- Mediator/Coach: For couples deciding to employ a collaborative divorce process, the mediator/coach, along with the rest of the collaborative team, supports the couple in making decisions about the division of assets.
- Counselor/Therapist: Divorce is one of the most stressful events in life. By including a counselor or therapist on the team, more emotional support is available to the divorcing woman and her children.
These potential team members complement each other with their skills and experience, providing the divorcing woman with the expertise she needs to make the best decisions for her that will help her determine and meet her lifestyle and financial goals.
#2 Consider a Collaborative Divorce
According to the Holmes Rahe Stress Scale, which ranks 43 life-changing stressful events in order of the amount of stress they impose on people, divorce ranks second. The only event that causes more stress than divorce is the death of a loved one. This is true for men and women of all ages.
No matter how old a woman is or how many years she has been married, or whether or not there are children involved, divorce is emotionally and financially difficult. A new trend encouraged by many courts and divorce lawyers is collaborative divorce. This takes the important decisions out of the hands of the court and puts the parties in charge of coming to a mutual agreement regarding all relevant issues to the divorce process. Attorneys and consultants work with the parties to make the life change with the least amount of animosity possible.
How the collaborative divorce process works
The parties have their own attorneys and all agree to settle their issues without going to court. The divorcing couple and their attorneys sign a participation agreement confirming they will not take the matter to court. Various experts may be called in to assist the parties in coming to an agreement on all matters. Financial experts may meet with the parties to discuss the division of assets, assumption of debt as well as spousal and child support. Child psychologists may be consulted in making child custody decisions.
In order to maintain the integrity of the process, the attorneys who work on the collaborative process commit themselves to doing everything they can to resolve the issues in a satisfactory way. If, as happens only occasionally, the parties cannot agree on issues, the attorneys who worked on the collaboration must bow out of representation. Different attorneys are brought in for litigation. This keeps the attorneys from threatening court proceedings if they do not get their way.
Benefits of collaborative divorce for women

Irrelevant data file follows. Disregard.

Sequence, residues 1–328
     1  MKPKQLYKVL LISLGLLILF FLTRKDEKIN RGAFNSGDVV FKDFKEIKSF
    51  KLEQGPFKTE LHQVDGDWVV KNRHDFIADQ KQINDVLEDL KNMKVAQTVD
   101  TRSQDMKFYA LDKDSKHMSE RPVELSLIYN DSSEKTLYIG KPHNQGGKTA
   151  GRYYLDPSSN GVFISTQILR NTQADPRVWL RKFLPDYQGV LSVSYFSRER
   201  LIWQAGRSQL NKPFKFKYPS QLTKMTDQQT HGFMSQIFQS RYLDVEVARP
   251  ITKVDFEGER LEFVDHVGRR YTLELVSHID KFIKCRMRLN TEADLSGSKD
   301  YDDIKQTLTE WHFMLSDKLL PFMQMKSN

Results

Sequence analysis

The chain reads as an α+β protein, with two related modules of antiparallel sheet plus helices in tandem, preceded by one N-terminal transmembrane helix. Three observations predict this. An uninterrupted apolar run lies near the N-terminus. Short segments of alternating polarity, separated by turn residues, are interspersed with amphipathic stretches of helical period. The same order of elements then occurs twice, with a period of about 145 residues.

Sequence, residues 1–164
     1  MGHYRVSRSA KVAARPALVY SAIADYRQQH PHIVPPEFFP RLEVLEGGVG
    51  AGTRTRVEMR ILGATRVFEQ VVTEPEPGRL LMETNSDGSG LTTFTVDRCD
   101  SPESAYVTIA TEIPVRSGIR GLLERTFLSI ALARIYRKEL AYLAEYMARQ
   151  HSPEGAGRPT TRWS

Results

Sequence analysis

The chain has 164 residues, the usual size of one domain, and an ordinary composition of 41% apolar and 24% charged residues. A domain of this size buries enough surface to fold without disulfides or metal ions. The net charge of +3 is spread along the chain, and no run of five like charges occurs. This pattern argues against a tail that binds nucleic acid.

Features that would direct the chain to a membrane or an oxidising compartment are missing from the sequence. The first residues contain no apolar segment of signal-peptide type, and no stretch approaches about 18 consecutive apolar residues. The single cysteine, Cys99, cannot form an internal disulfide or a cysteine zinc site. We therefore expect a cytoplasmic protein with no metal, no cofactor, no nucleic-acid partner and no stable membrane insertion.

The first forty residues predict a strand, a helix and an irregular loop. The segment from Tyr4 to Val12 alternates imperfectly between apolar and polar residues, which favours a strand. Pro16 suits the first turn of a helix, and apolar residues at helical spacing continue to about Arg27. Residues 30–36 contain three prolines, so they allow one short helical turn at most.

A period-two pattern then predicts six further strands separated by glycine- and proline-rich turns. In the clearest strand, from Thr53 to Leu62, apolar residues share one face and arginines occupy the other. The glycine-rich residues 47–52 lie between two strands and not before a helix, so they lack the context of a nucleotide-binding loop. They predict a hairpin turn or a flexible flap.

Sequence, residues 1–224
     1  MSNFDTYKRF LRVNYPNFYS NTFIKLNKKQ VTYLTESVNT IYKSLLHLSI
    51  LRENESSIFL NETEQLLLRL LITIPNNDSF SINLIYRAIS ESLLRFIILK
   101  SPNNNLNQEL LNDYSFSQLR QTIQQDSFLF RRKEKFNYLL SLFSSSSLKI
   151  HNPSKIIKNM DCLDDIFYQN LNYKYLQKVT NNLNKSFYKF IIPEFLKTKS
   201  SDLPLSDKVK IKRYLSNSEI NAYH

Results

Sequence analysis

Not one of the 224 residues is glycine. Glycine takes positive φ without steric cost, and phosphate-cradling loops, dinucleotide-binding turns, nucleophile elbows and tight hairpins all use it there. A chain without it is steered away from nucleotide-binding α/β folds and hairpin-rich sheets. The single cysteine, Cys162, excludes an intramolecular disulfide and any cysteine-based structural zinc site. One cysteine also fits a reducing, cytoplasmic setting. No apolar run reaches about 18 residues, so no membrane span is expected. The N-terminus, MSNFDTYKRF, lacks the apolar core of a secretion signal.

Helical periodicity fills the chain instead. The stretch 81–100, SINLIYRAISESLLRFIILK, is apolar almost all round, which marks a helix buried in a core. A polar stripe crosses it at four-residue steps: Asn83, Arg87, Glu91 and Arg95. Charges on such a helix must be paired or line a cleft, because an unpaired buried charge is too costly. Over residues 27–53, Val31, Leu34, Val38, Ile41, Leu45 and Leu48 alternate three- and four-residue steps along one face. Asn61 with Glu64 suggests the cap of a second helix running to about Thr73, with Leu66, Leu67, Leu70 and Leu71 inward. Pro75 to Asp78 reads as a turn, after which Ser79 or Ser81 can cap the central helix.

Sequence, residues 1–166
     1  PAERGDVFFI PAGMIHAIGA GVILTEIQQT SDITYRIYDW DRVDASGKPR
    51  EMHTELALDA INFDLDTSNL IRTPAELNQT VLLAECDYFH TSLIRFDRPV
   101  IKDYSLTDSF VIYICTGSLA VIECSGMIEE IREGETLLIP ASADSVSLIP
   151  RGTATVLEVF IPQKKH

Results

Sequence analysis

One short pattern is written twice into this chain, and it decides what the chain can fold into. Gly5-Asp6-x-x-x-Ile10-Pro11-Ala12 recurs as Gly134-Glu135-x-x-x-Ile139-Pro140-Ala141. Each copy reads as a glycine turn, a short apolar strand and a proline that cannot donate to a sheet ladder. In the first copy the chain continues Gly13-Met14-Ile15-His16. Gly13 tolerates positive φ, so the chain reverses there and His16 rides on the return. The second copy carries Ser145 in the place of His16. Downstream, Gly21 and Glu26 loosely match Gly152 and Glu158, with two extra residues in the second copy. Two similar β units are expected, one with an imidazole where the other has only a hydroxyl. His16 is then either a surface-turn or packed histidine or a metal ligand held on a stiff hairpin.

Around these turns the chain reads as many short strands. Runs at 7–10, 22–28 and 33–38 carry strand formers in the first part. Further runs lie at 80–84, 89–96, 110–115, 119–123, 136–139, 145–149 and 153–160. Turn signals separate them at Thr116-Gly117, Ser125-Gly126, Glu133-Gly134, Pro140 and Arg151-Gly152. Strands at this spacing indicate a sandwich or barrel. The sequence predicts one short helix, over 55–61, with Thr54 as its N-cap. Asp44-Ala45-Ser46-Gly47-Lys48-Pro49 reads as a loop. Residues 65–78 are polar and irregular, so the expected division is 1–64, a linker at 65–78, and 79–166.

• It is a more peaceful process with less acrimony than a conventional divorce. An atmosphere of cooperation is the norm, not animosity.
• The parties are both considered “team members” instead of adversaries.
• The process focuses on making the best decisions for all parties.
• The experts that are brought in to help work for the team, not for one party or the other. If one person wants a second opinion, for example to place a value on a business, the team will hire someone to give the second opinion who still works on behalf of the team.
• It saves money. Experts estimate that a collaborative divorce costs half of much as a traditional divorce that requires litigation and going to court.
• It is faster and generally can be completed in as few as four months as opposed to a year or more to settle contested issues with litigation.
• The parties agree in writing to be honest with each and provide full disclosure of all relevant information.
• If there are children, the process allows a parenting plan to be developed that will maintain amicable relationships and ease future communications.
• The parties can make any agreements that are acceptable to both of them. They are the decision makers, not a disinterested court.
• There will always be emotional pain associated with divorce; however, those women who have gone through the collaborative divorce process express less bitterness than those who have experienced a traditional divorce.
#3 Difference Between Legal Separation And Divorce
The dissolution of a marriage can be a difficult and time-consuming process. There are many legal and ethical considerations that must be handled. Legally speaking, there are two options when a married couple decides that they can no longer live together – a legal separation or a divorce.